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Richard Allen Burns
Hugh McElroy
Hugh McElroy featured on a World War II Bond Poster, circa 1943. Image available on the Internet and included in accordance with Title 17 U.S.C. Section 107.
Tenth Calvalry
Tenth Calvalry Buffalo Soldiers, circa 1902. Courtesy of the State Historical Society of Missouri. Image available on the Internet and included in accordance with Title 17 U.S.C. Section 107.

MCELROY, HUGH (1884–1971). Hugh McElroy, black soldier, was born in Springfield, Kentucky, on February 29, 1884, to Sarah and Thomas McElroy. In 1898 he lied about his age and enlisted in the Tenth United States Cavalry. He served in Cuba in the Spanish-American War and afterwards in the Philippine Insurrection. A few years after returning from the Pacific, McElroy and the Tenth participated in the border campaigns against Francisco (Pancho) Villa, accompanying Gen. John J. Pershing into Mexico in 1916. During World War I he landed in France with the 317th Engineers. On September 10, 1918, while attached to the Thirty-third Corps, Seventh French Army, he received from French war minister Georges Clemenceau the Croix de Guerre for gallantry in action. He also received the European-African-Middle Eastern Campaign Medal, the World War I Victory Medal, the Philippine Insurrection Service Medal, the World War Volunteer Service Medal, and the National Defense Medal. He said that he was "always crazy about soldiering."

Ellington Base Sign
Ellington Field Air Force Base Sign. Image available on the Internet and included in accordance with Title 17 U.S.C. Section 107.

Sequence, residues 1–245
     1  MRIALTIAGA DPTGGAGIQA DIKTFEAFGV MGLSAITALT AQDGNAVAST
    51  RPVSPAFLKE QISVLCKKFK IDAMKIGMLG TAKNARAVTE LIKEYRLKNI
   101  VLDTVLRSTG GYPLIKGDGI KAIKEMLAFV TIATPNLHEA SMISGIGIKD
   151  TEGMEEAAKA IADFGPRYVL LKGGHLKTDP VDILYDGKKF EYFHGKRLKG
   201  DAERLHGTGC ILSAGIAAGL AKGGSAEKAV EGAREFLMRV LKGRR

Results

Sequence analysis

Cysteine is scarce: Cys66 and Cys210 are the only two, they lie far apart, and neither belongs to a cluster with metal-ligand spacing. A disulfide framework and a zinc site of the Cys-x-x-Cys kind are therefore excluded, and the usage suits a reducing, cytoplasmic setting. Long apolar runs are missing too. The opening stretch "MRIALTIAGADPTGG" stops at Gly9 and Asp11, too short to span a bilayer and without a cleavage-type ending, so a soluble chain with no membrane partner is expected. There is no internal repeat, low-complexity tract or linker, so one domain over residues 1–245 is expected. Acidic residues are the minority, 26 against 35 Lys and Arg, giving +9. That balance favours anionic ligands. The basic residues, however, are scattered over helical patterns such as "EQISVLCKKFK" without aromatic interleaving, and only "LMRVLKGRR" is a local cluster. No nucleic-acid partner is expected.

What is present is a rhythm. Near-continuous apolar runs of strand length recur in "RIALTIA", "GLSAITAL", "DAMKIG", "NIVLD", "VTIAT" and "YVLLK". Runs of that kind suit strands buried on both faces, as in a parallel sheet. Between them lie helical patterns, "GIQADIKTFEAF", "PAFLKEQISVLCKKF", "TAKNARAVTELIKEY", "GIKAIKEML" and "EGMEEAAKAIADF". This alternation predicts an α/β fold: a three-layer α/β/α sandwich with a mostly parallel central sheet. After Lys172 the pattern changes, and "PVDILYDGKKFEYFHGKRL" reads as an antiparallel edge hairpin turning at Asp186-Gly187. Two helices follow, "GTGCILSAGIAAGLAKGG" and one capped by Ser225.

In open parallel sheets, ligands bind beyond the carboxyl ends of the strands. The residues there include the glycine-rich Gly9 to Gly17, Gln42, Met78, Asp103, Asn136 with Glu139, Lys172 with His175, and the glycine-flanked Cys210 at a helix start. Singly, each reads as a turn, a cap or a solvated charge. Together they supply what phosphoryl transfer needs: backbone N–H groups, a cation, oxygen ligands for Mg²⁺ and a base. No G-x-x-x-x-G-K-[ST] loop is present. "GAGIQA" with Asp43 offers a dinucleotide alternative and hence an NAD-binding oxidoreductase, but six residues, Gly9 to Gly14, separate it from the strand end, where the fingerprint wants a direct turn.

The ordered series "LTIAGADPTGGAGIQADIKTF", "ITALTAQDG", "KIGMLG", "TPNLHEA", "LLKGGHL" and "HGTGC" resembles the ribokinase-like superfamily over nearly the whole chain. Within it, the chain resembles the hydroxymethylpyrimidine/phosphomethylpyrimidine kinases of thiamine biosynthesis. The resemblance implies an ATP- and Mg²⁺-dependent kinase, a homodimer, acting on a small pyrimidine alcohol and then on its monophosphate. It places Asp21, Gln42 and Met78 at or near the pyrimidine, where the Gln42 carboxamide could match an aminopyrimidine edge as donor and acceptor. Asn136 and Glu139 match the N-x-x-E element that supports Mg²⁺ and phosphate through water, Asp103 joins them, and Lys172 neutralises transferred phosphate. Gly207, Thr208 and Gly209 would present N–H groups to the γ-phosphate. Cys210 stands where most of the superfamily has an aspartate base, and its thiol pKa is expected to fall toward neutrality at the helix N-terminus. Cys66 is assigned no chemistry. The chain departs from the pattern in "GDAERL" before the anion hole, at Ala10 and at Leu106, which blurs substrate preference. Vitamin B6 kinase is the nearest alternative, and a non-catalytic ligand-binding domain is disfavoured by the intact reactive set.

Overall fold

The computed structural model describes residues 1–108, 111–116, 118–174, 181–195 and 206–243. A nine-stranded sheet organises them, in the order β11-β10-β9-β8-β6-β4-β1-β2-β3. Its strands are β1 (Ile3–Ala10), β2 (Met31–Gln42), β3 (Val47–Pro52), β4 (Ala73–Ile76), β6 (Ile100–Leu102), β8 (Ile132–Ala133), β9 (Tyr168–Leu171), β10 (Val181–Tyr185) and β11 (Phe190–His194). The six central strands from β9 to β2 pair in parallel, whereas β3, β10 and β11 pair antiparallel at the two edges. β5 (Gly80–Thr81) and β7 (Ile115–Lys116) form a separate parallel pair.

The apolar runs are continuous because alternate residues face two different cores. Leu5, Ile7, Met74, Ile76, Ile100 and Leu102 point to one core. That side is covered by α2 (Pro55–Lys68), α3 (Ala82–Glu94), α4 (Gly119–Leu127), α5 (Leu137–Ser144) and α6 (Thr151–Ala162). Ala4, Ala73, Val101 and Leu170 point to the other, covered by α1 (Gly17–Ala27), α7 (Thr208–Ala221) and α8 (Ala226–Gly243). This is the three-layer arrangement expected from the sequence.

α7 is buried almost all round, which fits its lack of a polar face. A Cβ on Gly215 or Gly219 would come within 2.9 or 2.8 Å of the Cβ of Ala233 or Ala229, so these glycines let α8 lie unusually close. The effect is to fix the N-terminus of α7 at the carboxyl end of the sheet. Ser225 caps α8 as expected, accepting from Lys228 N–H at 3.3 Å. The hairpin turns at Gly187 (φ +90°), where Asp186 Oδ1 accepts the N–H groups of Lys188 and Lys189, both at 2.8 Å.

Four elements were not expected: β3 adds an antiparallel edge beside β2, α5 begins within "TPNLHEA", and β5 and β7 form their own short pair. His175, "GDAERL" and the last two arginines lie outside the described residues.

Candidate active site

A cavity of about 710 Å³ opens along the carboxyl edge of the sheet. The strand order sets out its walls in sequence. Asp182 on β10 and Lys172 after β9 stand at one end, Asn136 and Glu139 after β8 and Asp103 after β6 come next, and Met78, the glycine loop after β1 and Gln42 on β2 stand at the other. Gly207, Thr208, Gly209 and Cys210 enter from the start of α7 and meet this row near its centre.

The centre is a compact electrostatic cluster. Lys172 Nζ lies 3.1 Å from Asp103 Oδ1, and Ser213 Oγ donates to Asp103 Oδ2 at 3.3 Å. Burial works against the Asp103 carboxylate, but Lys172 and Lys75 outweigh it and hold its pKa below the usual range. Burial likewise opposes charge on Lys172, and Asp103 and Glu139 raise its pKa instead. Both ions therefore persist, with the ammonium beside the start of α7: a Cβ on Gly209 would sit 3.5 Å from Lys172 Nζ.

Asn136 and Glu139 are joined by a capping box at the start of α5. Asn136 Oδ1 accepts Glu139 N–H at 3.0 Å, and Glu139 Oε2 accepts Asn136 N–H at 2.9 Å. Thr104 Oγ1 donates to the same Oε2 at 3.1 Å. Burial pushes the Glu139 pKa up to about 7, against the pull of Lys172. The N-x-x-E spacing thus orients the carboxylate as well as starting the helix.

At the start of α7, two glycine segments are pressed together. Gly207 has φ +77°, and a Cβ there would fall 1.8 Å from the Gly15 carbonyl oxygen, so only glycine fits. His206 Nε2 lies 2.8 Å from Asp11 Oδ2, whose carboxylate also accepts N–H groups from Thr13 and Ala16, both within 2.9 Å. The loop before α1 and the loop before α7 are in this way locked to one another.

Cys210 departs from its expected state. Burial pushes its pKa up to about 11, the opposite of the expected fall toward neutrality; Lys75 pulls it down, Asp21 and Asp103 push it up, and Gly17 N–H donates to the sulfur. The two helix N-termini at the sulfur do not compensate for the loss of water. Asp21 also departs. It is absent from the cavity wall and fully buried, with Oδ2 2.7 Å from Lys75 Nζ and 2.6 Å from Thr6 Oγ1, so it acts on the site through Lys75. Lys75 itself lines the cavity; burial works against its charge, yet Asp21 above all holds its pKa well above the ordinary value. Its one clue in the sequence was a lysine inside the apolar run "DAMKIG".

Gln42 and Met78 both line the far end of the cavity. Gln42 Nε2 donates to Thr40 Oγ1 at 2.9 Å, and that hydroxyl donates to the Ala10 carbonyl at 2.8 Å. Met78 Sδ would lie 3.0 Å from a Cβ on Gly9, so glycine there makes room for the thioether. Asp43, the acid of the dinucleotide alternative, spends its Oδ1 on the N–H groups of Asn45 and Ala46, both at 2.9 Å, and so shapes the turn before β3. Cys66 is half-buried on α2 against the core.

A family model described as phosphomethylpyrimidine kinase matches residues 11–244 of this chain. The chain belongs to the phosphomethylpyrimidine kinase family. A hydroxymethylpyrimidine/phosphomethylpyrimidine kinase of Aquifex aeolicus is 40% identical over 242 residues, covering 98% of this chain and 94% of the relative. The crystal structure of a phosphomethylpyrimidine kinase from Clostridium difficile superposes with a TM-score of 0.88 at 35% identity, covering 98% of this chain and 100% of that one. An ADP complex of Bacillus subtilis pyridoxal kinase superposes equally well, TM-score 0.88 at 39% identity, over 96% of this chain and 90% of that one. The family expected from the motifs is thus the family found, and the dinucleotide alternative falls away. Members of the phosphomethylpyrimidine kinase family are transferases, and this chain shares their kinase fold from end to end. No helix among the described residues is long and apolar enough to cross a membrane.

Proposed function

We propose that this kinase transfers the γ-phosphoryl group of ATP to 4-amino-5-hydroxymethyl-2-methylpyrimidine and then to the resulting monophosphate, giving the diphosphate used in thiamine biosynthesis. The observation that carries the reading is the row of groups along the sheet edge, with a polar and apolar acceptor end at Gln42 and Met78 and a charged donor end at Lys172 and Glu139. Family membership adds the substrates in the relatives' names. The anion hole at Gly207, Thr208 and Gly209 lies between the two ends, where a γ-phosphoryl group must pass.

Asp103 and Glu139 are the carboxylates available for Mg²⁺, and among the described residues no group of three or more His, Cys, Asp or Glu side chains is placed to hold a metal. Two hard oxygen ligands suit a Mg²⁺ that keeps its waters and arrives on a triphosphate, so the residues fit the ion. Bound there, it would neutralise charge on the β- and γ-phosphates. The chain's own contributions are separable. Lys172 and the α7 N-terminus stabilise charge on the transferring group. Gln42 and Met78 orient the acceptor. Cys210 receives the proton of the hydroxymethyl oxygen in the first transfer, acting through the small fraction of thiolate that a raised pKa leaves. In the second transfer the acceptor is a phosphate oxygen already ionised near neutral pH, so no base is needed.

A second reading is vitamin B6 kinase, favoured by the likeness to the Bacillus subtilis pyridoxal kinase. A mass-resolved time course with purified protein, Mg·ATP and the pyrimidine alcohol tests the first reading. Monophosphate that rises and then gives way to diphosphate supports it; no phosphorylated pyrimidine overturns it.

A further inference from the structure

After his military service ended in 1927, McElroy followed his brother, Thomas, to Houston, where he was a hospital orderly. During World War II he was head janitor at Ellington Field. He also participated in bond drives as a speaker and poster model, for which Henry Morganthau, Jr., United States secretary of the treasury, cited him on January 11, 1945. McElroy was reportedly the first African American whose picture appeared as an advertisement for United States War Bonds. After the war he worked at local recruiting stations until retiring permanently. HemisFair '68 in San Antonio honored him in the Texas Pavilion by displaying a life-size portrait of him, beneath which was a recounting of his military record. In December of 1968 he and his oldest son rescued two children from a burning house near his Houston home. The Texas Senate commended the McElroys for their bravery. McElroy married Philamena Woodley in 1918, and they had four sons and two daughters. He died on December 29, 1971. A detachment from Fort Sam Houston buried him in Paradise Cemetery, Houston, with full military honors.


Robert Ewell Greene, Black Defenders of America, 1775–1973 (Chicago: Johnson, 1974). Houston Chronicle, October 6, 1968. Houston Post, August 29, 1965, December 4, 1968. Vertical Files, University of Texas Institute of Texan Cultures, San Antonio.

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The following, adapted from the Chicago Manual of Style, 15th edition, is the preferred citation for this article.

Handbook of Texas Online, Richard Allen Burns, "MCELROY, HUGH," accessed May 30, 2020, http://www.tshaonline.org/handbook/online/articles/fmcbx.

Uploaded on June 15, 2010. Modified on May 23, 2017. Published by the Texas State Historical Association.
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